Whenever I go to restaurants I can't help but remember back in the day how I found it so difficult with my psychosis and anxieties, sure that I was standing out like a sore thumb and spreading my general misery to other people. But to be forgetting about all that bullshit and knowing that these days it's not a problem and I can enjoy it always makes me smile.
It took years, from about 2006 to 2012, of being pushed by my family to go to social events even though I was afraid of my mental illnesses, but it eventually paid off, and since 2012 I have enjoyed being social. It really does get a little easier each time.
So now my nieces and their parents are successfully back home in Denver and my younger brother is back in Bristol, it's back to life as usual in our household for my mum and I. We had a video call with my nieces today and apparently the first thing my four year old niece said when getting home was 'daddy we should video call Grandma and Uncle Pete because they are probably missing me'. That's my niece at 2 and a half in the pic at the top of the page, she sure is a lovely little thing.
Tomorrow being a bank holiday I am off work and will probably go to the gym, watch the snooker and continue putting the finishing touches on my book.
Took my nieces to the trampoline/soft play park today, with their dad and grandpa. Needless to say we all liked it. I am liking taking my nieces out in the car in their car seats, a new experience for me.
Without traffic it took me 20 minutes to navigate myself out of the haphazardly scattered town centre car park, the road markings were barely visible and I didn't know what I was doing. My blog is not set out to be about childcare, it's more about my mental health. Which has been good today, I always think less about my anxiety when they are visiting. My mum and I then took them to the library, and they were happy looking around while my mum and I had a little sit down.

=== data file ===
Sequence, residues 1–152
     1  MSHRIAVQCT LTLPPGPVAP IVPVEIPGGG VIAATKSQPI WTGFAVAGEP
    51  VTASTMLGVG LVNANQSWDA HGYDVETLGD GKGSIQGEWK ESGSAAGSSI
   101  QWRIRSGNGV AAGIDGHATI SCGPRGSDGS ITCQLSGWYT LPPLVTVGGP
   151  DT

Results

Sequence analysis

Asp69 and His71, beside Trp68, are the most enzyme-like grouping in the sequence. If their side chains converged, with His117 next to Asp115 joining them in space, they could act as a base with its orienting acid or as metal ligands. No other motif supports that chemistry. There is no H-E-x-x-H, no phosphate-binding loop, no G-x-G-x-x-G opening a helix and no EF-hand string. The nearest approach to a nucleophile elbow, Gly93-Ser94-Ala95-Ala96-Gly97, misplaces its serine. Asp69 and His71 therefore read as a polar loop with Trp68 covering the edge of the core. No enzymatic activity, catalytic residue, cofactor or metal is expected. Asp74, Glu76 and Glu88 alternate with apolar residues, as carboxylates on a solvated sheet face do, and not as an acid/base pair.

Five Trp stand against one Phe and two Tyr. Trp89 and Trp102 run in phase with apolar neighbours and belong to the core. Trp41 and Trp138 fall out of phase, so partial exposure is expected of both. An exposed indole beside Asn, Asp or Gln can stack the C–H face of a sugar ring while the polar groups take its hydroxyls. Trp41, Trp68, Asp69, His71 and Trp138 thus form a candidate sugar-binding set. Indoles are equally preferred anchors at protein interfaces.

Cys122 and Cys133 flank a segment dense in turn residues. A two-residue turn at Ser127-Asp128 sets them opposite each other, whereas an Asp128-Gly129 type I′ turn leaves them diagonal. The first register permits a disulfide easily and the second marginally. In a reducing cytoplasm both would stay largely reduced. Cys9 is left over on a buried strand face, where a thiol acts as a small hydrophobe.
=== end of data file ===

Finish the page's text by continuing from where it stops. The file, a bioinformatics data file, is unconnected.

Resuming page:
It is important to me to be able to do that a few times a day, otherwise I find it hard, but then life is hard sometimes. I think life is supposed to be challenging at least one day in every three. So I did think about anxiety a couple of times today, but it doesn't really take hold. Oh and it rained today, which my mood is sensitive to. Like lots of people I certainly perk up when it's sunny.
Spent the day with my nieces, almost two and almost four. They live in Denver and are staying with their grandma and me for a week (brilliant).
We drove to Eastrop park, which was nice. I was remembering the last time we took them there, last summer, when I was bothered by my fast heartbeat which I used to get from time to time, a product of having panic attacks for a few years back in the day I think. It is superb to remember how much better my health is now.
My nieces being born and stepping up to the challenge of looking after them is something that has always made me feel very normal, and it has been instrumental to my improving mental health.
I am doing much better now than I was almost four years ago. It has been good for me to look after them, they lived close by for over three years, it took my mind off of my own mental health problems a bit, and taught me some of how to be a confident and responsible adult.